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Queenright or queenless finishing hive?


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From a newbies perspective the Cloake method was a saving grace when I needed Queens early and was having trouble finding a few. I followed Sue Cobey's outline at the link below. Did the trick nicely and goes some way to learning a way to set up.

Thanks for that link.

I saved it to my reference library.

If you were able to follow that system through to mated queens, then as a nubee you did very well, congratulations.

Many wouldn't advise such an undertaking but again well done

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Thanks @Philbee. I only did a few (10) and have 6 lovely very strong laying Queens from them. Three didn't make it through the rough spring winds & 1 didn't emerge. I think due to the amount of burr comb about it. It was pretty much buried. The exercise saved a Queen less hive for me which was the prime objective and also gave me healthy 3 & 4 frame nucs. I stopped and returned the starter/finisher hive to standard as it was very close to swarm level of population. I removed brood & bees to weaken it and provide for the Queen less hive.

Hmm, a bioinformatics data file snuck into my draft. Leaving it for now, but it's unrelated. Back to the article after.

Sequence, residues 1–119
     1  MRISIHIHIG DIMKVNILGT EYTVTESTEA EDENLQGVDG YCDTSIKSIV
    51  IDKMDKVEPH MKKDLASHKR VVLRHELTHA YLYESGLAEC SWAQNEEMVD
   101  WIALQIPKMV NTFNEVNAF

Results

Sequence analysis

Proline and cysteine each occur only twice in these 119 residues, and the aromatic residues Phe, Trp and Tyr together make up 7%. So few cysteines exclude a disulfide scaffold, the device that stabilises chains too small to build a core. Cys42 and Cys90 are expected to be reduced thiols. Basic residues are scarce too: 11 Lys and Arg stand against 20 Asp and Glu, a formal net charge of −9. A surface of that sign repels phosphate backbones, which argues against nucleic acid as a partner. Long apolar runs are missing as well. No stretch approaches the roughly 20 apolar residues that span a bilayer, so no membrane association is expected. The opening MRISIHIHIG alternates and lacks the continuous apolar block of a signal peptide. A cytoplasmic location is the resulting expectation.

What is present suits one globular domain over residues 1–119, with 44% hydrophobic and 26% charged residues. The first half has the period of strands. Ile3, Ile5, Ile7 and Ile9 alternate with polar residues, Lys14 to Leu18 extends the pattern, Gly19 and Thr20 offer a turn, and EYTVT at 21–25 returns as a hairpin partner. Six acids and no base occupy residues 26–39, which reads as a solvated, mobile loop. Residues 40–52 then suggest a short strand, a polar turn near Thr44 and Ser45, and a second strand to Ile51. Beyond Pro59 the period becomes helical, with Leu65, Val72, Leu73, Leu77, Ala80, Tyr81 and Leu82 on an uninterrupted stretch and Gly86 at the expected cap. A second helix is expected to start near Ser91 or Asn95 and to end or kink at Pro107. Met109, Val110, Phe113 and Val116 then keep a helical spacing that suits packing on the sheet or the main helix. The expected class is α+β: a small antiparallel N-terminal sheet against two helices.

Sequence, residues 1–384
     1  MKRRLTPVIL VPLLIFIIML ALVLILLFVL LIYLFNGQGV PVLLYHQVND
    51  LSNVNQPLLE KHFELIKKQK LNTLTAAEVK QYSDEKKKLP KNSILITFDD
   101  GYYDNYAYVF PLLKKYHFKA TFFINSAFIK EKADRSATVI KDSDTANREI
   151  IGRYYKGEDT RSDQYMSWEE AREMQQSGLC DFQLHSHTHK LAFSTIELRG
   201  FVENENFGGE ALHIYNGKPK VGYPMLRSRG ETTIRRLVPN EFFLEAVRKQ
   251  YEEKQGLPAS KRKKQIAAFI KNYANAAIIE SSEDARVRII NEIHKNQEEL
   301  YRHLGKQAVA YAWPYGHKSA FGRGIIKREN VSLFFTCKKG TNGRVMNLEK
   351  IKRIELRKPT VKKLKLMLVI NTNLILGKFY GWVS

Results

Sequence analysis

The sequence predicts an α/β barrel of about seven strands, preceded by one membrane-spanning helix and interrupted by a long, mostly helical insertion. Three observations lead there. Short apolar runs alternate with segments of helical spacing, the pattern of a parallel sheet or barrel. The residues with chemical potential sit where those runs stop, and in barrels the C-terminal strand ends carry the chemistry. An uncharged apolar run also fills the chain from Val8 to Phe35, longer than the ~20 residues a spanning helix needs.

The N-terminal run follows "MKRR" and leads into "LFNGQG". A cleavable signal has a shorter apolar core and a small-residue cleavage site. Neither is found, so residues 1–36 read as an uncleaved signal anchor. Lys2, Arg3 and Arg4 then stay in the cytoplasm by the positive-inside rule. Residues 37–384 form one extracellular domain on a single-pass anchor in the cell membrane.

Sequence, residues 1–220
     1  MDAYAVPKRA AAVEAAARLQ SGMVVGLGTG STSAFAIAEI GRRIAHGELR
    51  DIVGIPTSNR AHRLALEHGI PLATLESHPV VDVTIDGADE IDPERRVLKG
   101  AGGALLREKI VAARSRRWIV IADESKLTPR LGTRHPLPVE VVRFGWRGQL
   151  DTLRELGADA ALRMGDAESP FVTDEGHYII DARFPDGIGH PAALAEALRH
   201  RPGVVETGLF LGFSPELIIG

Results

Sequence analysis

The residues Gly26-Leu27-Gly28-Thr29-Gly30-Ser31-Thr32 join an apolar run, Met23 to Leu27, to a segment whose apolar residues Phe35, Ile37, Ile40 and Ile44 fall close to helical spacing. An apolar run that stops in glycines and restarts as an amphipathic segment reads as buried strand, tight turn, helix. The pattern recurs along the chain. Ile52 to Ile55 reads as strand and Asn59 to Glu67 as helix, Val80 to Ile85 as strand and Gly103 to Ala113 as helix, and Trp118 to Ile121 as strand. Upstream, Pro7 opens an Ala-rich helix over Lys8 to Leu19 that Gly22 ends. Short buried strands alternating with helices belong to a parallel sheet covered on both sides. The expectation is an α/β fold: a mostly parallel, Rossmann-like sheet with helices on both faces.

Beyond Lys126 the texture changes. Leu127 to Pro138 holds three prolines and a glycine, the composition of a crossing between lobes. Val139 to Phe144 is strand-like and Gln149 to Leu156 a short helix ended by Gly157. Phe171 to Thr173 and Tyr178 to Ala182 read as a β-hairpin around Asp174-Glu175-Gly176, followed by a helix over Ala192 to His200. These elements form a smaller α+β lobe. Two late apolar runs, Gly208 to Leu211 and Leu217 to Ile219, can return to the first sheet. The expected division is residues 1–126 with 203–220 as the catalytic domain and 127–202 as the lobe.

A steep learning curve but I would encourage beginners to give it a go for the experience. Some more in Autumn for me.

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The guy who trained me in queen raising said the point of putting the cells into a queenright hive for finishing is so that they are fed more royal jelly. So, apparently the bees don't hurry to cap the queen cells so much in a queenright hive, as opposed to a queenless hive, and as a result feed them more royal jelly... This can also be assessed - if there is ample royal jelly in the queen cell after she hatches this means she has had more than enough food. Whereas if all of the royal jelly has been eaten then it was probably on the light side and didn't have as much food to develop on before hatching...

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Enjoying this thread and learning heaps through the discussions!

 

A question that come to mind is what others think about the use of Apivar or Bayvarol during cell raising? Does it make any difference to the outcomes?

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My inclination is the less chemical involved the better but needs must to survive at times.

Have thought of using Formic evaporator at end of summer prior to trying to raise some cells again I could follow with Bayvarol when finished if needed which I suspect it will be.

 

The Queen losses that go on as you say @frazzedfozzle might be as much other environmental changes too that seem to be occurring?

Our Varroa control probably adds to the problems I suspect.

 

Just to stay on topic.....I will use the Queen right finisher way.

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